Theodor Hurt and Dakota Vick Charged with Child Abuse
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Nebraska Dad Allegedly ‘Threw’ Crying Infant into Wall While ‘Trying to Play Video Games and Drink Shots with His Virtual Friends Online’

 
Dakota Vick and Theodor Hurt

Dakota Vick and Theodor Hurt

A 23-year-old father in Nebraska and his 24-year-old wife were arrested after police say the man threw his 8-month-old daughter against a wall and fractured her skull as the child’s mother watched and did nothing for several days. Theodor Hurt and Dakota Vick were taken into custody and charged with one count each of felony child abuse, the Omaha World-Herald reported.

According to the report, Hurt and Vick on Nov. 22, 2021 brought their daughter to the Children’s Hospital and Medical Center in Omaha because the little girl’s head was abnormally swollen. Medical personnel performed a CAT scan which reportedly showed that the infant had sustained “a skull fracture and significant swelling on the right side of her head,” Omaha ABC affiliate KETV reported.

Making the prognosis even more dire, the child’s fractured skull was “causing the malformation of her head,” a probable cause affidavit filed by the Omaha Police Department reportedly said.

The couple reportedly told the hospital staff that their daughter was injured after she had fallen off of the couch at their home two times in the days prior.

Due to the suspicious nature of the infant’s injuries, hospital personnel notified police. Officers responded to the scene and interviewed Hurt and Vick who said that their daughter on Nov. 19 had rolled herself off of their couch at approximately 4:15 p.m. and then again at approximately 6 p.m., per the World-Herald.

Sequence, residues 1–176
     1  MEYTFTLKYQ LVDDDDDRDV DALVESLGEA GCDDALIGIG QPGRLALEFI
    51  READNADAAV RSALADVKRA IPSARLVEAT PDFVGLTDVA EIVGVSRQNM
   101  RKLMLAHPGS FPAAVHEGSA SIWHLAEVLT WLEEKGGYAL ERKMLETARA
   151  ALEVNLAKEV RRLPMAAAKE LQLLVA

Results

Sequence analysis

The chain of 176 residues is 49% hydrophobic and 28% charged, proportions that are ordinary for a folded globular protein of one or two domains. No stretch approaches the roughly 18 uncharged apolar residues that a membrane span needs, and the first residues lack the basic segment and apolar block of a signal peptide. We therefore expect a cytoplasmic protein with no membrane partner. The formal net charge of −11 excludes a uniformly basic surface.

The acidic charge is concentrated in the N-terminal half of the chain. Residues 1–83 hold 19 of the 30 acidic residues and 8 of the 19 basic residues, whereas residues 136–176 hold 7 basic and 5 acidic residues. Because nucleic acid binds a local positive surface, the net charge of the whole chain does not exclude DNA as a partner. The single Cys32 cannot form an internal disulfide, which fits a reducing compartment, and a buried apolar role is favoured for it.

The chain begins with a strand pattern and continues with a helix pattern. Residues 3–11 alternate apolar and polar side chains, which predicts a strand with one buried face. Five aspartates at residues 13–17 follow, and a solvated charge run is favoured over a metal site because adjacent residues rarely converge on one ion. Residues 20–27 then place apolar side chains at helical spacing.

Vick reportedly explained that earlier in the day Hurt’s mother had brought their two older children to their home after picking them up from school. Hurt’s mother reportedly told investigators that she was at the home when the infant girl fell off of the couch during a diaper change. That story, along with most of what Hurt and Vick told doctors and police, was allegedly false.

Investigators interviewed Hurt and Vick for a second time on Nov. 23. During the interview, Hurt allegedly said that on Nov. 18 he was at their home watching their daughter and their four other kids, ages two, four, six, and eight. The infant had reportedly taken a late nap and was staying awake longer than usual and acting “fussy.” Hurt allegedly said that he grew increasingly frustrated with the infant’s crying “while he was trying to play video games and drink shots with his virtual friends online,” KETV reported.

Already under the influence of multiple shots of alcohol, a frustrated Hurt allegedly brought the infant upstairs and “threw” her into a Pack-n-Play travel crib with so much force that the little girl’s head slammed into the wall.

Per the affidavit, Hurt told investigators that his daughter started crying after being thrown into the wall. The suspect then reportedly sat down on the bed and started to cry.

During Vick’s second interview, she reportedly told police that she “saw Hurt throw the baby and was upset at how he handled the girl, but didn’t see the girl strike the wall,” per the World-Herald.

Hurt and Vick were later arrested over the infant’s injuries. A state judge set Hurt’s bond at $82,500 while Vick’s was set at $25,000.

In addition to the child abuse charge, Hurt is also facing one count of misdemeanor caretaker neglect. The latter allegation stems from Hurt allegedly hitting their oldest child in the head multiple times, leaving visible bruises and forcing her to stay home from school for over a week.

Hurt has pleaded not guilty to the charges. As of Sunday evening, Vick had not yet entered a plea.

All five of Hurt and Vick’s children were removed from the home and are currently in the custody of Child Protective Services.

[images via Omaha Police Department]

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Jerry Lambe is a journalist at Law&Crime. He is a graduate of Georgetown University and New York Law School and previously worked in financial securities compliance and Civil Rights employment law.